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Authors: Glyn Jones

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Doctor Who: The Space Museum

BOOK: Doctor Who: The Space Museum
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DOCTOR WHO
THE SPACE MUSEUM
GLYN JONES

Based on the BBC television series by Glyn Jones by arrangement with the British Broadcasting Corporation

Number 117 in the
Doctor Who Library
A TARGET BOOK
published by
the Paperback Division of W. H. ALLEN & CO. PLC

 

1 AD 0000

Three pairs of eyes gazed at the scanner screen, eyes like those of a sad and lonely person in a strange town desperately seeking the smile of a friendly face. The fourth pair of eyes gave no hint of emotion. The Doctor was totally absorbed, totally fascinated.

Vicki sighed, a sigh so audible that Ian could not resist a sidelong glance at his young companion. He turned back to the screen and, knowing exactly how she felt, almost mechanically placed a comforting arm across her shoulders. She didn’t seem to notice. Barbara sighed, perhaps not quite so audibly but, with gentlemanly impartiality, Ian’s other arm reached out to comfort her.

All he could see on the screen was sand, sand, sand, and more sand. Why couldn’t the TARDIS, just once, materialise in a pleasant, leafy, tree-lined street in Hampstead, or on Wimbledon Common? How about a pretty Yorkshire dale, or a Welsh mountain top with nothing around more menacing than a flock of silly sheep? Or, if it had to be sand, why not a sun-drenched Californian beach? Or maybe even the South of France? Yes, there was a pleasant thought: cafes and cordon bleu restaurants, palm-shaded promenades and contented humans basking on that sand, soaking up the sun’s rays through their sunscreen, swimming and playing in a beautiful blue and silver sea; smiling, laughing, happy people, sipping cool drinks, tasting delicious ices. At that moment Ian could almost taste tutti-frutti.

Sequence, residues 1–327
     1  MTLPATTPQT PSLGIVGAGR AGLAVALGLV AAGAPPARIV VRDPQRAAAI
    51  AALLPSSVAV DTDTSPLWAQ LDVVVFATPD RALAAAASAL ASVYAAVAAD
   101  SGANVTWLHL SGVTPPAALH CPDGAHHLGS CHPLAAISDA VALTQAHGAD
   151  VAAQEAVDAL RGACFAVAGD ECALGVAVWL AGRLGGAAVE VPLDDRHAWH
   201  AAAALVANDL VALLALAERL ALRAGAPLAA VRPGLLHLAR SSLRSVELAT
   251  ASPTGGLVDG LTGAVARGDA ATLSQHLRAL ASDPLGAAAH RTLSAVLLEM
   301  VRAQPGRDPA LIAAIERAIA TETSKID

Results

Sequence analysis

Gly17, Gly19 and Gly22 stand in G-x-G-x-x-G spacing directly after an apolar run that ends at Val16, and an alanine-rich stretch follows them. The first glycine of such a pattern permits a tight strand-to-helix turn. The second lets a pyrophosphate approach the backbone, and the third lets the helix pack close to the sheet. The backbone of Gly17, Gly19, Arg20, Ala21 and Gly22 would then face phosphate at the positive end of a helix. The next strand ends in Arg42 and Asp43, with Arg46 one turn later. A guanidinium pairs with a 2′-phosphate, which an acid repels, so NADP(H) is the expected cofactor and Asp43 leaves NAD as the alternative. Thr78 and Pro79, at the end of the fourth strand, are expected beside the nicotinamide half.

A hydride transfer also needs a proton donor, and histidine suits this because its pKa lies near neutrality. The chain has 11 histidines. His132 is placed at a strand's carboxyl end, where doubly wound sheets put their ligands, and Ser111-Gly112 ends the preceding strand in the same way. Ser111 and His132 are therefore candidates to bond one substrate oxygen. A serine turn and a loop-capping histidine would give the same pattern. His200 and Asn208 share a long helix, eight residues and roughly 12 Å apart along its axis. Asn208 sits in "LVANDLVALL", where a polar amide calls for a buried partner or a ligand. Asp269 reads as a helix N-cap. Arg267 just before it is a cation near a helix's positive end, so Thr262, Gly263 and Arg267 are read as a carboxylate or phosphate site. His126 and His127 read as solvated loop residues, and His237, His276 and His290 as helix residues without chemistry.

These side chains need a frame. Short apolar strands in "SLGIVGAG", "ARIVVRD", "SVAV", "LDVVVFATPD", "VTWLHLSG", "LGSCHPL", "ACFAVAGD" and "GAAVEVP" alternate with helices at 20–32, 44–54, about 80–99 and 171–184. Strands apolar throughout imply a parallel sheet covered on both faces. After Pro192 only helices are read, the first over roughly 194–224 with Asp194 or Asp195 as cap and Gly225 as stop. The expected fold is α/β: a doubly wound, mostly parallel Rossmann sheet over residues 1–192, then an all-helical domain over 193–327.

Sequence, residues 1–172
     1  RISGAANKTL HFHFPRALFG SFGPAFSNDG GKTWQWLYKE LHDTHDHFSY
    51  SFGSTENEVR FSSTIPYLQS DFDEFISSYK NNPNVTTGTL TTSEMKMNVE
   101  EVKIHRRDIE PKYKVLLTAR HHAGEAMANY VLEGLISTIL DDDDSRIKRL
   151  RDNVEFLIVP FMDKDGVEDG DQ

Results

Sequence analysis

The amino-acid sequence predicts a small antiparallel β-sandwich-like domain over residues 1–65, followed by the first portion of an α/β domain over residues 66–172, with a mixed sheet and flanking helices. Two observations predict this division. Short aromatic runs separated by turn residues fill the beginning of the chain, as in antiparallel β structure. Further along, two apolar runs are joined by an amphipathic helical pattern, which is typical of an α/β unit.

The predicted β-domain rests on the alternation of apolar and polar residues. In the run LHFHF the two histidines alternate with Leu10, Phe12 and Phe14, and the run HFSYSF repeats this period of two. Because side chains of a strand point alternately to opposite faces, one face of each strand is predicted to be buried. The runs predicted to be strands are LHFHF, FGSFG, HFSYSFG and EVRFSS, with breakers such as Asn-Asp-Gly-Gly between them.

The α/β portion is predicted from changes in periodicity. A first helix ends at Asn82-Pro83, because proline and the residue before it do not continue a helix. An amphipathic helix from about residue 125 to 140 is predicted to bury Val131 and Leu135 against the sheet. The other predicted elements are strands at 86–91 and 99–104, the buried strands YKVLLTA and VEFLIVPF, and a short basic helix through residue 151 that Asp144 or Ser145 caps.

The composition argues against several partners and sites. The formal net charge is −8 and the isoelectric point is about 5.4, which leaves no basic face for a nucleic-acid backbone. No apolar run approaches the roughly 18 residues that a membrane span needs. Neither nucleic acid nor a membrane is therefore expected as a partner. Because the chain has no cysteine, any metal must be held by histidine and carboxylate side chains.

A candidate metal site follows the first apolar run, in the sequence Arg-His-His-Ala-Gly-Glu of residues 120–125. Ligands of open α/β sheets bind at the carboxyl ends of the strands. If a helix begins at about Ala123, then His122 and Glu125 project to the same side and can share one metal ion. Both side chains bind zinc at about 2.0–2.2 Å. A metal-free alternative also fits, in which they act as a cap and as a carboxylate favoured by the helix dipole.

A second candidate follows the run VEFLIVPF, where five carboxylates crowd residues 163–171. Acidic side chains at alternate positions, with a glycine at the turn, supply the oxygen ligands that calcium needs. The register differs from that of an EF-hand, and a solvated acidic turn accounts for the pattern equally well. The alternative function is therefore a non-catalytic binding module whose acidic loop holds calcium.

And why couldn’t the TARDIS materialise in the good old twentieth century, in some peaceful corner of the world where they could just relax and not be caught up in the stupidity of human wars or some other folly? Ian sighed deeply and three pairs of eyes turned to look at him. He did not return their gaze but he felt himself blush.

‘Where are we?’ he asked, as though they were travelling from London to Manchester and he just happened to have dozed off for a few minutes. The eyes turned back to the screen and now, for the first time, something other than sand appeared as the scanner moved on.

‘A rocket!’ Ian squeaked. ‘In the middle of miles and miles of nothing but sand?’

It was the Doctor’s turn to sigh but, before he could say anything, a second rocket appeared, then another, and another; then a spaceship, and a second spaceship, and more spaceships, so many ships of such diverse shapes, periods, and design that now four pairs of eyes were rivetted to the screen.

There was no sign of life, only the ships, motionless in a sea of sand. And then, beyond them, a building came into view. The scanner moved in for a closer inspection. The building was large, very large, in shape something like a ziggurat. The surface was made up of geometric panels, triangles forming pyramids, and covered with what seemed to be a dullish metal which, although the sky was bright, gave off no reflection.

‘It’s the casino,’ Ian thought, his mind still on sunlit beaches and gentle pleasures, ‘like the casino at Monte Carlo, or Nice. We’ll find two-headed monsters playing three-dimensional roulette.’ He chuckled to himself and then stopped, in case someone decided to investigate his sense of humour. He needn’t have worried. Everyone was too engrossed in studying the building in question. He was intrigued though by the non-reflective panels. ‘Do you suppose this planet has a sun?’ he queried.

The Doctor shrugged. ‘Presumably,’ he muttered,’otherwise where would the light be coming from?’

‘I only asked.’ Ian was a trifle peeved at the Doctor’s brusque reply. He was anxious now to be up and about doing something, and the Doctor, as far as he was concerned, was being his usual cautious self. Ian sighed again.

‘What is the matter with you, my boy?’ the Doctor snapped. ‘If you carry on like that you’ll sigh your life away.’

‘There doesn’t seem to be any sign of life,’ Ian answered, ‘Why don’t we go and take a closer look? Hmm?’

‘Oh, so you want to go and take a closer look, do you? Well go ahead, no-one’s stopping you.’